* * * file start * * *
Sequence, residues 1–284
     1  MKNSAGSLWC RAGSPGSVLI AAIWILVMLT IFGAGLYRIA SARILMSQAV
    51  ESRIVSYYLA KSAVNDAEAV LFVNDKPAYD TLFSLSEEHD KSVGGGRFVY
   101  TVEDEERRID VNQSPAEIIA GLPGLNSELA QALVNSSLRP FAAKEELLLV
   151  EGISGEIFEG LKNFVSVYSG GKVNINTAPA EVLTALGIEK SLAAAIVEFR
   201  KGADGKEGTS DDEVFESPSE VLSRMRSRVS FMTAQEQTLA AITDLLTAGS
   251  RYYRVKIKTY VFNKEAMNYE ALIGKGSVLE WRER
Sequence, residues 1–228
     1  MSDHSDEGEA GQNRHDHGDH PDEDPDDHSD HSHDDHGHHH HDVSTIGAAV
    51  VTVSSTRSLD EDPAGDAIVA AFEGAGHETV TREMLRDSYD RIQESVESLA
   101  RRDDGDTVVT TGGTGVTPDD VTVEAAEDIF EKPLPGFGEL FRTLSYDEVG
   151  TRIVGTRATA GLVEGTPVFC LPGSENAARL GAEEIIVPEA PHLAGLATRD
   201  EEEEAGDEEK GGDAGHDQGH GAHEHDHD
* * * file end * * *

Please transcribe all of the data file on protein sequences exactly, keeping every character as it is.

Sequence, residues 1–284
     1  MKNSAGSLWC RAGSPGSVLI AAIWILVMLT IFGAGLYRIA SARILMSQAV
    51  ESRIVSYYLA KSAVNDAEAV LFVNDKPAYD TLFSLSEEHD KSVGGGRFVY
   101  TVEDEERRID VNQSPAEIIA GLPGLNSELA QALVNSSLRP FAAKEELLLV
   151  EGISGEIFEG LKNFVSVYSG GKVNINTAPA EVLTALGIEK SLAAAIVEFR
   201  KGADGKEGTS DDEVFESPSE VLSRMRSRVS FMTAQEQTLA AITDLLTAGS
   251  RYYRVKIKTY VFNKEAMNYE ALIGKGSVLE WRER
Sequence, residues 1–228
     1  MSDHSDEGEA GQNRHDHGDH PDEDPDDHSD HSHDDHGHHH HDVSTIGAAV
    51  VTVSSTRSLD EDPAGDAIVA AFEGAGHETV TREMLRDSYD RIQESVESLA
   101  RRDDGDTVVT TGGTGVTPDD VTVEAAEDIF EKPLPGFGEL FRTLSYDEVG
   151  TRIVGTRATA GLVEGTPVFC LPGSENAARL GAEEIIVPEA PHLAGLATRD
   201  EEEEAGDEEK GGDAGHDQGH GAHEHDHD